In which I talk too much about a comic strip I drew 31 years ago.

§ July 7th, 2021 § Filed under wood eye § 4 Comments

So I’ve been in the process of recovering files from ancient (like, 30+ years old) 3 1/2 inch computer diskettes, such as old college papers, textfile back-ups from BBSes I used to frequent, and, yes, my occasional forays into what passed for digital art back then. I posted one sample here from 1991…a silly picture I even used as a start-up screen on my Mac for a while.

And then there was this, a digital comic strip I drew my own self:


My dad had a laser printer at work (an amazing piece of technology no mere college student such as myself could ever hope to afford), so I threw this made-entirely-in-MacPaint drawing on a disc and asked him to print out some physical copies for me.

Printing seemed to smooth out a few of the rough edges, and all the lines seemed a lot darker and thicker. Frankly, I think the printed product looked pretty good…and eventually,. during my Full-Frontal Harvey mini-comics days, I included said print out in one of our publications.

But here’s the image from the original file, in all its jagginess and “humor.” Mostly this was me seeing if I could do a digital cartoon, experimenting with the form, rather than trying to do a knock-out gag. (Figuratively, I mean…Hawk is pretty knocked about at the end there.) And…it looks okay, I guess. I’m no Mike Saenz but I accomplished what I was trying to do.

Some notes:

1. “Hawk” may or may not be named after an actual person I knew. YOU CAN’T PROVE NUTHIN’

2. All the figures in the crowd are the same, just copied-and-pasted over and over again, which I thought was kind of a neat trick at the time.

3. Some work files I made in prepping this strip included something I’d long forgotten about…I had actually written lyrics for Hawk to be singing. They are as thus:

Don’t know why I discarded these lyrics for the gag I ultimately used. I think they’re pretty funny and fitting for Hawk’s sensitive nature.

4. The band’s name “Choleric Wastrels” comes from a handle I used on a local BBS. I may or may not have used that account for some gentle trolling.

5. Why the “F” on the drum kit? I presume that stands for Hawk’s philosophy of “Fair Play,” just like Mr. Terrific.

6. The background in panel six I believe is the standard “brick” fill pattern that I went over with the eraser tool to rough it up a bit.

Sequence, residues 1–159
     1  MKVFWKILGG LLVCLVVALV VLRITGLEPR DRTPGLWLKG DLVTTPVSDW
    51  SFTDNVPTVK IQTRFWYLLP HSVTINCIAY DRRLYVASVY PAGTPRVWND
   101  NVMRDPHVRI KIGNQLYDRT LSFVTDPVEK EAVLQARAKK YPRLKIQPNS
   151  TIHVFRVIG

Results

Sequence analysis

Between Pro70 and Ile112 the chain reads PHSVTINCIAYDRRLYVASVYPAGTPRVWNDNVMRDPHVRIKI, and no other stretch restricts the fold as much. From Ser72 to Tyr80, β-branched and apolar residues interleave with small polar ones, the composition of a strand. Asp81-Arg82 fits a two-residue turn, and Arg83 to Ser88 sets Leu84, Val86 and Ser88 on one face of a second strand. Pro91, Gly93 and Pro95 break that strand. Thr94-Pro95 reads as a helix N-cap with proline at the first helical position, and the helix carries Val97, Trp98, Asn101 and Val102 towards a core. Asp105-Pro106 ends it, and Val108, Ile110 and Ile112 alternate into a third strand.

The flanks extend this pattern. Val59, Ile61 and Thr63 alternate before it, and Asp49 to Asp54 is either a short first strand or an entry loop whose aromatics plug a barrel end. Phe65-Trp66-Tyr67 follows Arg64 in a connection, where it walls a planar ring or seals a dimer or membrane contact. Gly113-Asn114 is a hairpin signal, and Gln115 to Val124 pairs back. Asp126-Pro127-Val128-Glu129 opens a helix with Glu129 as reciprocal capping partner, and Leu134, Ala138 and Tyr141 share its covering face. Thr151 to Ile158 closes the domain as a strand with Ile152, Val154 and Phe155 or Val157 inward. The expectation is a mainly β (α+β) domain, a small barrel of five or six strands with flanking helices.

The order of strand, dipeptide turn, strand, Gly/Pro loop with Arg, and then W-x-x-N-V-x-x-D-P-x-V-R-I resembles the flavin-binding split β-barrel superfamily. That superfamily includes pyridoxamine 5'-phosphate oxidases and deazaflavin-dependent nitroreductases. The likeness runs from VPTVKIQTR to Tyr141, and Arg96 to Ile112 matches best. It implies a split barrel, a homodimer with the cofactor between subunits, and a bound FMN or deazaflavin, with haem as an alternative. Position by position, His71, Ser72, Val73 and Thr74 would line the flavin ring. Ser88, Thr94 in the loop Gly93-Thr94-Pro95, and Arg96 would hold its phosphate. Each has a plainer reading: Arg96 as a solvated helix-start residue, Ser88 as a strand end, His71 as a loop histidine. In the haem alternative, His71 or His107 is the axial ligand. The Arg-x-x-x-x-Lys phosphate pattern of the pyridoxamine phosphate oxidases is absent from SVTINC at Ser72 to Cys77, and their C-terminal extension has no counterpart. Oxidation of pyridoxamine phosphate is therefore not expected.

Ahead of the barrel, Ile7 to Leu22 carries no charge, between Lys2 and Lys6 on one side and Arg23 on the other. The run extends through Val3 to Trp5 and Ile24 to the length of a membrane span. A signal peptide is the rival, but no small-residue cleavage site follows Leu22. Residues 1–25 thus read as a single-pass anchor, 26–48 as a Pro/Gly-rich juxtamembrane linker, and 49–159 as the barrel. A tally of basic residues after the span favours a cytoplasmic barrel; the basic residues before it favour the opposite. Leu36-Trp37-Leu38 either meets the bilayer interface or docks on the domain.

7. I *think* Hawk’s head shape in panel four is the same one from panel two, just flopped.

8. Somewhere are my layouts for a full (well, 8-page) Hawk mini-comic, in which he witnesses a hit-and-run car accident but somehow gets blamed for it when he tries to chase down the perpetrator. I seem to recall having a good ending to the strip, but this far out I can’t recall it, nor do I have any idea where those layouts may be. Alas, not digital so I won’t find ’em on the floppies I’m perusing…all handdrawn on actual paper, and there is a lot of paper in the boxes I’m looking through.

9. There was a handrawn Hawk strip also in 1990, which had a good gag, but there’s a line from an off-panel convenience store clerk that, in retrospect, didn’t age well. Fortunately the clerk wasn’t the butt of the joke…rather it’s about Hawk’s dichotomous nature of “Sensitive” vs. “Skinhead,” but still, it’ll require being returned for regrooving before reprinting here. Just didn’t know any better at the time.

10. For some reason I defaulted to “nuclear symbol” on shirts I’d draw for my characters. No meaning beyond “it looks cool.”

11. I was going to say that the guitar players on stage look like they’re playing mandolins, but knowing Hawk, maybe they were mandolins.

12. That’s a pretty good trashcan and bag of trash in that last panel, if I do say so myself.

Can’t think of much else to say about that strip. It was fun to make, and frankly I’m surprised I didn’t make more, though I’m finding other examples of digital drawings I slapped together at the time. That includes illustrations I made for the radio station program magazine at California Lutheran University, a school I wasn’t even attending! But that’s a story for another day.

4 Responses to “In which I talk too much about a comic strip I drew 31 years ago.”

  • ExistentialMan says:

    Really enjoy seeing your early creative endeavors, Mike! Thanks for sharing.

  • Jack says:

    Not gonna lie, when I saw the second panel I thought for a second this was some kind of Charlie Brown grown up thing. The art reminds me of all those early attempts at digital comics though, so it gets the nostalgia nod.

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